Judah Viola’s journey to becoming a Ph.D. and NLU’s dean of the College of Professional Studies and Advancement started when he was a kid playing basketball at a YMCA in Massachusetts, according to a profile by Marco Buscaglia Dec. 4 in the Chicago Tribune. Continue reading
In an employer’s ideal world, universities would prepare students for their careers with the right mix of foundational knowledge, skills and practical experience that hiring companies seek. Instead, however, many potential employers, at least in the tech industry, are finding that hiring and training newly-minted graduates can be a bumpy process.
In an effort to stem the disconnect and communicate about how universities can give students the preparation employers seek, the Illinois Technology Association convened a “Forecast Roundtable” event on Nov. 29. America’s Urban Campus, a consortium of 22 Chicago universities (including National Louis University), and World Business Chicago acted as co-conveners. Continue reading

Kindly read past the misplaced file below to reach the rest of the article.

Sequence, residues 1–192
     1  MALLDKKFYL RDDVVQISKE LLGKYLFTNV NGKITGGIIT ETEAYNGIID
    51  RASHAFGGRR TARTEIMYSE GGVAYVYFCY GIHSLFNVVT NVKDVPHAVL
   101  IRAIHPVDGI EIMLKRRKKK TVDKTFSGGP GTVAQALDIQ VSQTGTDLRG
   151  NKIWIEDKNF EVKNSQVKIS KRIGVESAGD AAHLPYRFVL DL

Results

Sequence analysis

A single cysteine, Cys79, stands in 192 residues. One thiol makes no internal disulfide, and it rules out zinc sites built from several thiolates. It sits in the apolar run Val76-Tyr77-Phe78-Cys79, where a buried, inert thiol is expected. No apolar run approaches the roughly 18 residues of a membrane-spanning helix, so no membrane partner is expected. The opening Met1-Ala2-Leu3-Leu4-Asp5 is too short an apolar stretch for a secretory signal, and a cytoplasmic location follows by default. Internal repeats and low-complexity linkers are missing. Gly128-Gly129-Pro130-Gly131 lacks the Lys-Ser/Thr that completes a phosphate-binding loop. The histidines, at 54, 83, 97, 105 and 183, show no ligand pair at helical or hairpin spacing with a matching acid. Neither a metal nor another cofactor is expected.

Schak, who worked as a Chicago Police Department homicide detective and achieved the rank of sergeant, also worked in private investigations before founding NLU’s Criminal Justice program. Continue reading
NLU student Nancy Zhu received the Lincoln Laureate award for her academic achievement and contributions in a ceremony Nov. 12 in Springfield, Illinois.
Zhu, a senior who will graduate in June with a B.A. in Elementary Education with Middle School Endorsement, has a 3.75 GPA. She also serves as treasurer for Debate team, and as vice-president in the National Society of Leadership and Success, NLU’s honor society. Continue reading
In “Chicago Muslims Give Thanks, 5000 Turkeys,” the Chicago Tribune’s Manya Brachear Pashman wrote about how the Chicago Muslim community has tripled the number of turkeys it gives away to parents of Chicago Public Schools students in low-income neighborhoods on Chicago’s South side.
The turkey drive started 16 years ago when Sadia Warsi, Ph.D., now an assistant professor in NLU’s Early Childhood and Special Education programs, was teaching in a CPS third-grade classroom.
A boy in her class told her he wished simply for food in his family’s refrigerator.
The Tribune quoted Warsi saying, “I was shocked that in a country like ours that was a child’s wish.”